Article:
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By the early seventeenth century, English dissenters had developed a vital tradition of voluntary religious exercise operating within the shadow of the established church. Those who immigrated faced a new world of possibilities for public expression of religious commitment. How three generations of New Englanders altered and adapted these habits of religious sociability is the subject of this study.

The dissertation examines religious culture in Charlestown, Massachusetts through the history of three institutions: the family, the private devotional society, and the local church. The focus throughout is on lay religiosity and the interrelation of "private" and "public" religious activities. Church affiliation is studied as a form of spiritual and social behavior; the social and symbolic complexity within church membership categories is explored. Household, rather than individual, patterns of participation in church covenanting rituals are emphasized, and particular attention is given to how gender, life cycle, and family traditions, both matrilineal and patrilineal, affected the timing of spouses' church involvement. A young men's society meeting in Charlestown (1703 to 1737) is reconstructed through a study of members' ecclesiastical and kin connections.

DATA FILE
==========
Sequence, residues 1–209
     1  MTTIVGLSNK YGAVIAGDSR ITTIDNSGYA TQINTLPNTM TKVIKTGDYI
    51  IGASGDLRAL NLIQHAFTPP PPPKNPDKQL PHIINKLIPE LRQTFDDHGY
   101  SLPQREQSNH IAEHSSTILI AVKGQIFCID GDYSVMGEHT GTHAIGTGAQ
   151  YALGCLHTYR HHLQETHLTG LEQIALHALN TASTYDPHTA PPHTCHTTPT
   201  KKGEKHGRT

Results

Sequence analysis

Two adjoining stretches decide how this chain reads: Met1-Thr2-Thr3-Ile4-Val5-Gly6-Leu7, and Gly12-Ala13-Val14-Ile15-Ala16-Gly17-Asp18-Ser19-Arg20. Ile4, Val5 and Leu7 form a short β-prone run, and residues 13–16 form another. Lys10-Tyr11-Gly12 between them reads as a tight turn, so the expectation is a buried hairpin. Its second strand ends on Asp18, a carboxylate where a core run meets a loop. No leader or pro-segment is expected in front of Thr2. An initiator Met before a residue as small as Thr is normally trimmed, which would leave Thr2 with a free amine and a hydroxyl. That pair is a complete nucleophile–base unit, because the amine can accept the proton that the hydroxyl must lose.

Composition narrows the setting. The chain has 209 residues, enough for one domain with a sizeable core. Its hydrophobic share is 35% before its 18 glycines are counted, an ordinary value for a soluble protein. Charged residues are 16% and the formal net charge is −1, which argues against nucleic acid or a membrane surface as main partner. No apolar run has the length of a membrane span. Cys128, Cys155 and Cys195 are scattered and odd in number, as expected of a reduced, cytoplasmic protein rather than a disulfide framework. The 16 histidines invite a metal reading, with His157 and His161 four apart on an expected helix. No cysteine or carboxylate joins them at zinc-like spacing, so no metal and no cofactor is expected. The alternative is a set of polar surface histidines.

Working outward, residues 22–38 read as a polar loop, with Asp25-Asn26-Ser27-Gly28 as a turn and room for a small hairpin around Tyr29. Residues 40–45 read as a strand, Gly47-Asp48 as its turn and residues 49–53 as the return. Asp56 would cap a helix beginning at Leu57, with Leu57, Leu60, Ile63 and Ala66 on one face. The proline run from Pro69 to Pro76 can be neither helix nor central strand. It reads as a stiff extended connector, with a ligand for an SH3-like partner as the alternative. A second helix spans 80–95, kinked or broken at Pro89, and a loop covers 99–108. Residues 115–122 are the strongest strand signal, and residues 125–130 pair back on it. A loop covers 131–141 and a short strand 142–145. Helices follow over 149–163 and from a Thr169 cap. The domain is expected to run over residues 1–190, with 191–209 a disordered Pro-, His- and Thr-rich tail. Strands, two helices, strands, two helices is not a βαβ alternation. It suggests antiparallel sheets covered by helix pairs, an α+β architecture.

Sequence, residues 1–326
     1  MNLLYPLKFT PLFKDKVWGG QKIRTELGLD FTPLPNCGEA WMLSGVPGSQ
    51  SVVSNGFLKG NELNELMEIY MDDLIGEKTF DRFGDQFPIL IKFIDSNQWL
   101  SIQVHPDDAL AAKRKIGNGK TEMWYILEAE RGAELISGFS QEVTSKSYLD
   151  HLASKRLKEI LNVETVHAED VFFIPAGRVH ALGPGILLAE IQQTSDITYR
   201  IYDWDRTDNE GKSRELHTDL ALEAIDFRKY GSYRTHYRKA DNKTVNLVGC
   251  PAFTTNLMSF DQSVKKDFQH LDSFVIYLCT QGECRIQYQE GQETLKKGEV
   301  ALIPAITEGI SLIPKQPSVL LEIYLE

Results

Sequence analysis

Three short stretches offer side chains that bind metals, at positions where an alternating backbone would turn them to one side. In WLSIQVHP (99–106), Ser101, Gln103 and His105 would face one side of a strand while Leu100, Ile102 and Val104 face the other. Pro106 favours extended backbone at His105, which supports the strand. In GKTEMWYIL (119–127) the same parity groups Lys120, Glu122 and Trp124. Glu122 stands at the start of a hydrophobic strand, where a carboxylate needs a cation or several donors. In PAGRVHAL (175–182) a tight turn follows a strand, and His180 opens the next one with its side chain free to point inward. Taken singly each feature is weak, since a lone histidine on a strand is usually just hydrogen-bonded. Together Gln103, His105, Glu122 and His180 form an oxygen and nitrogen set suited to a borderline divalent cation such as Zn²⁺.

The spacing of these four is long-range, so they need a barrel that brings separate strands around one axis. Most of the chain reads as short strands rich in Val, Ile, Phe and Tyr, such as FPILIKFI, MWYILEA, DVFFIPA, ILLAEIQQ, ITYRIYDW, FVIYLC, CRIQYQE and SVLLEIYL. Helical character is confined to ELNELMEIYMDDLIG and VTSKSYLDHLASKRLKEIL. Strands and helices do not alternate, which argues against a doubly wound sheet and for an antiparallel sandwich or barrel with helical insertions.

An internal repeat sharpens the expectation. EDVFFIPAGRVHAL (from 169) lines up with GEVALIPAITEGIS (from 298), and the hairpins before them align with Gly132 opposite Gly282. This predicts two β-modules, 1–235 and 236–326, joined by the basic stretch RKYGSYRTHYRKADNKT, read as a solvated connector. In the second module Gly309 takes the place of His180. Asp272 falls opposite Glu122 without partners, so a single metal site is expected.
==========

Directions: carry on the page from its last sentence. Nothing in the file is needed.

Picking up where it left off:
The Charlestown case suggests that the function of religious institutions cannot be properly understood apart from specific historical conditions and social relations. This community developed its own norms; the meaning of church membership was lay-defined. Through their participation in church rituals, lay men and women shaped their own religious identities. Families, especially, exerted an independent influence on church life. They refashioned the boundaries of membership, investing church fellowship with private notions of covenantal community. In the eighteenth century, the society of young men became an alternative both to family- and church-centered religious experience, thus testifying to the resiliency of the voluntaristic impulse within the Anglo-American reformed tradition.


Dissertation presented to the Faculty of the Graduate School of Yale University in Candidacy for the Degree of Doctor of Philosophy.

Reproduced and made available with permission from the author for for educational and research purposes only.